This witness would be key to the version of events that took place.
The female garda prepared a report soon after the checkpoint was lifted and sent it to her superiors.
But the report cannot now be accounted for and is thought to be missing.
Last week, in his only statement on the incident, Mr Shatter said he failed to fully complete the breath test because he was asthmatic.
"I explained this to the garda," he said.
Last night, the Irish Independent offered Mr Shatter an opportunity to clarify his statement and comment further but he declined.
"The minister has nothing to add to what he said last Thursday," his spokesperson said.
In a statement issued this morning the Minister said:
“Following on from the issue raised in the Dáil last week by Deputy Mattie McGrath, the Secretary General of the Department of
Justice and Equality asked the Garda Commissioner to ascertain whether there was a garda report on the matter.
“The Commissioner has confirmed that he caused enquiries to be made by local Garda management as to whether or not a report of the incident was made at the time.
“He is informed that no such report was generated by the Garda member involved and a further local search of the garda computer
system has failed to locate any such report.”
This morning Tanaiste Eamon Gilmore said the opposition were “dragging the bottom of the barrel” on the issue.
Speaking on Morning Ireland, he said: “Somebody being stopped at a checkpoint is something that many people will be very familiar with. He has issued two statements, one of which explained what happened when he was stopped and the second now today that he has checked with the garda commissioner and there isn’t a garda report on it.
“I think that this issue has gone on for a very long period of time. Frankly I think Fianna Fail are dragging the bottom of the barrel now for an issue to have a private members motion on and a motion of confidence on by going ahead with this.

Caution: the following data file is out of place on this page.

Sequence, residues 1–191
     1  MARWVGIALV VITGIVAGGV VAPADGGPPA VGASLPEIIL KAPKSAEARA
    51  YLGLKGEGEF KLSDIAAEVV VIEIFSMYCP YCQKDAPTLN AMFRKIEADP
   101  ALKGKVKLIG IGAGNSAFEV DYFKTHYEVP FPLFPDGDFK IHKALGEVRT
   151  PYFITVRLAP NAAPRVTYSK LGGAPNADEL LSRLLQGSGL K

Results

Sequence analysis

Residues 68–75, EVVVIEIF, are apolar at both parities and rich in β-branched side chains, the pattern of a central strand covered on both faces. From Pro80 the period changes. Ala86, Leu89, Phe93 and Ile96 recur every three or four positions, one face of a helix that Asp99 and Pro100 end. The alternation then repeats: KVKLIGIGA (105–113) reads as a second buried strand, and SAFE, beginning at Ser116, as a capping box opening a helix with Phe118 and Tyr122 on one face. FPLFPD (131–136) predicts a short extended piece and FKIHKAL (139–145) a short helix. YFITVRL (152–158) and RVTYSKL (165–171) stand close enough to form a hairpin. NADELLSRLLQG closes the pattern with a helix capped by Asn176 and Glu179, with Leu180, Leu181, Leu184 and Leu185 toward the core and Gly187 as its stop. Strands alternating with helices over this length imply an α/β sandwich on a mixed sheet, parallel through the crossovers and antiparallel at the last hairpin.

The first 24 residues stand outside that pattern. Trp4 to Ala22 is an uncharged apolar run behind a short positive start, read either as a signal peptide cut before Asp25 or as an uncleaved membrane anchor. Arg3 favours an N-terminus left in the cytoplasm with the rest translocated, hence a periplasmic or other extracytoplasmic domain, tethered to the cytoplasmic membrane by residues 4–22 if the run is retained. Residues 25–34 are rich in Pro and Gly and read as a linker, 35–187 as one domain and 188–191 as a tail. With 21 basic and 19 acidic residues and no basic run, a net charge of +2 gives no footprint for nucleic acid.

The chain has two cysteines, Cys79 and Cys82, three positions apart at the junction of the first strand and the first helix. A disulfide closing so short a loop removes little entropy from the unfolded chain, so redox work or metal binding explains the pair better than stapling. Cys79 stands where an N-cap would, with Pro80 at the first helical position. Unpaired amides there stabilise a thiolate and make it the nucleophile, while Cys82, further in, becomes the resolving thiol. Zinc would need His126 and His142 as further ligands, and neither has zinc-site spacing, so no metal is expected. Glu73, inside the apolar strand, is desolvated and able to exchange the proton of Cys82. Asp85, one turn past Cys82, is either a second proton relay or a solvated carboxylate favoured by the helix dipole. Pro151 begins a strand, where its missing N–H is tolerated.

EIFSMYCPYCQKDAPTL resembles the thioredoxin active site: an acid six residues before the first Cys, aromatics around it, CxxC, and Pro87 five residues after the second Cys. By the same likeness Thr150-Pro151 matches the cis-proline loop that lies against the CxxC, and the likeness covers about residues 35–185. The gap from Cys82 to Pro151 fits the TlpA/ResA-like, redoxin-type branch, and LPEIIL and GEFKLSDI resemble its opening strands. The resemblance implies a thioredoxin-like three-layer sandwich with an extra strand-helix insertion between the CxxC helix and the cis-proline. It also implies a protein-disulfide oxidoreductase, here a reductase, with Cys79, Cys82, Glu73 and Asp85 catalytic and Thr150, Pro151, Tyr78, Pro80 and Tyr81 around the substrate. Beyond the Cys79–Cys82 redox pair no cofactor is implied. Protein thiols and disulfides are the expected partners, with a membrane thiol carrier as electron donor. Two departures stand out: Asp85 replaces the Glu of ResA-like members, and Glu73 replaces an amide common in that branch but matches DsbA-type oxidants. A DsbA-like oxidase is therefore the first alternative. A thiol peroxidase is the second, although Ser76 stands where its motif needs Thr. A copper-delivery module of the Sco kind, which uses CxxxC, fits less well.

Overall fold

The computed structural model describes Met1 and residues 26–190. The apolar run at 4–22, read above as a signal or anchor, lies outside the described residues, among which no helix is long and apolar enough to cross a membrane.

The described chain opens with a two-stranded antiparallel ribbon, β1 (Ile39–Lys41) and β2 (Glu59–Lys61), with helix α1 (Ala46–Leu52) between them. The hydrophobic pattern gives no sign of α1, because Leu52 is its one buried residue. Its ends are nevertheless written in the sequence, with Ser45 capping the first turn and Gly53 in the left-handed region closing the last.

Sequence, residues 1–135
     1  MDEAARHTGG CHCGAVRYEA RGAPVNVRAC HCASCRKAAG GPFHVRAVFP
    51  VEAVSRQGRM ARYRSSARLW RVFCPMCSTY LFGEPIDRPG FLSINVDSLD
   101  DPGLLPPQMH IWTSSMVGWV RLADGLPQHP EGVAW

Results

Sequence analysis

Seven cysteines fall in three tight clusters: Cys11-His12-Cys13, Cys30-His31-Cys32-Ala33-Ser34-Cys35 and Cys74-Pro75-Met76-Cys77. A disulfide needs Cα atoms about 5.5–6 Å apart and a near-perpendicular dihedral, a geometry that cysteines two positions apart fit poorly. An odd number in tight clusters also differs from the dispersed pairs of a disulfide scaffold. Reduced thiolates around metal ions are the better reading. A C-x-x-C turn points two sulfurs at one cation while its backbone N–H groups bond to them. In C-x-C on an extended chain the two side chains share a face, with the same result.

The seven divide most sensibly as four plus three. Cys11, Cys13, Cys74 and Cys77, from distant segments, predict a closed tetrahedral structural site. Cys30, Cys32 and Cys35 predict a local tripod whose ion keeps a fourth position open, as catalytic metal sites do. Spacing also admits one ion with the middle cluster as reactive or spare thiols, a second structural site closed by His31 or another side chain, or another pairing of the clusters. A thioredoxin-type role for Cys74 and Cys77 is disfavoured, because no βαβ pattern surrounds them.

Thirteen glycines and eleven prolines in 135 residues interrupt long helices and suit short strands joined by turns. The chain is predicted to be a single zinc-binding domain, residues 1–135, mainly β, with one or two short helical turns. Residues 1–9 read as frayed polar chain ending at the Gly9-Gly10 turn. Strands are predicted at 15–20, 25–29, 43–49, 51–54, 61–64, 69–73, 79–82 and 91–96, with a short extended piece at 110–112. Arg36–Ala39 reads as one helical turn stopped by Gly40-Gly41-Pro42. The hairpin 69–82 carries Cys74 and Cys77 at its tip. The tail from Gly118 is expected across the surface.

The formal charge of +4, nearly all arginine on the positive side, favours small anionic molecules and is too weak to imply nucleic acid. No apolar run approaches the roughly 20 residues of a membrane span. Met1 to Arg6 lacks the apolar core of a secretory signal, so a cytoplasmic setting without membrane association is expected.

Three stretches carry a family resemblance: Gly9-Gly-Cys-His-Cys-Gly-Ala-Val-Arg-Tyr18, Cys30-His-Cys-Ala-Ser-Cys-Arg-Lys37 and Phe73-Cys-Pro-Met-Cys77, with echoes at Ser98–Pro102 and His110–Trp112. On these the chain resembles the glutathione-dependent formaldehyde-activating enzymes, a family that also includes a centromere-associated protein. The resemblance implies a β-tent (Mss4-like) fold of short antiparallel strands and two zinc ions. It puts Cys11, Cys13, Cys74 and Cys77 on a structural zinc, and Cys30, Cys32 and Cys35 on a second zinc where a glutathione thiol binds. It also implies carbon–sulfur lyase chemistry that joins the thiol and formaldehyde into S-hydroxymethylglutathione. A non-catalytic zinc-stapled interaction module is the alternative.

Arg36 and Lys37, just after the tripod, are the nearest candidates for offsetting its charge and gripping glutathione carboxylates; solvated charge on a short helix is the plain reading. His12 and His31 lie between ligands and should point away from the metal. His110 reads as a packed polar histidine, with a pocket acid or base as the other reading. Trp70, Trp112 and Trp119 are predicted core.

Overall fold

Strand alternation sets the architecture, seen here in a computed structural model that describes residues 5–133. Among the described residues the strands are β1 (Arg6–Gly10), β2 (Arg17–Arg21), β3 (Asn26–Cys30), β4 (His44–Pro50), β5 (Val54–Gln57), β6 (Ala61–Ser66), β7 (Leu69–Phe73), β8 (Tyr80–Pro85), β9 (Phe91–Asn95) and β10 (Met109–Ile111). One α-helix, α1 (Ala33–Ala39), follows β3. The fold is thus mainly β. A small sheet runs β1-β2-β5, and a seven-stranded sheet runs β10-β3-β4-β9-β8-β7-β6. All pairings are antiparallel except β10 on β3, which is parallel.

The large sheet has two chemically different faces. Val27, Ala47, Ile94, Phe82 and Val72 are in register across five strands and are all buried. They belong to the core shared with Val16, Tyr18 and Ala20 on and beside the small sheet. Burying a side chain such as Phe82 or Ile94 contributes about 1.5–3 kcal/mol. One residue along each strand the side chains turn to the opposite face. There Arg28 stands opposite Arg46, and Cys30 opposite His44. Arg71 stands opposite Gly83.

“There are a lot more important issues in this country that need discussion in the Dail than whether Alan Shatter was stopped at a checkpoint or not.”
On his way into Government buildings this morning, Taoiseach Enda Kenny said he has full confidence in the Minister for Justice Alan Shatter and said the government will defend the Minister’s record very strongly.
“The Government will defend Minister Shatter’s reform programme very strongly indeed. The Garda Commission has confirmed there was no record made of the mandatory checkpoint,” he said.
He reiterated Minister Shatter’s comments this morning saying that the garda commissioner had confirmed there was no record of a mandatory checkpoint.
Fianna Fail Justice spokesman Niall Collins rejected the suggestion that his party are using the incident as political opportunism
“We are reflecting the loss of confidence out there in communities with this minister,” he said on RTE’s Morning Ireland today
“It has reached a tipping point for us with a highly inappropriate use of confidential information. You have to question the minister’s judgement and arising from this we put down this motion and we put down this motion on foot of that series of events, ever before the breathalyser incident came into the public domain”.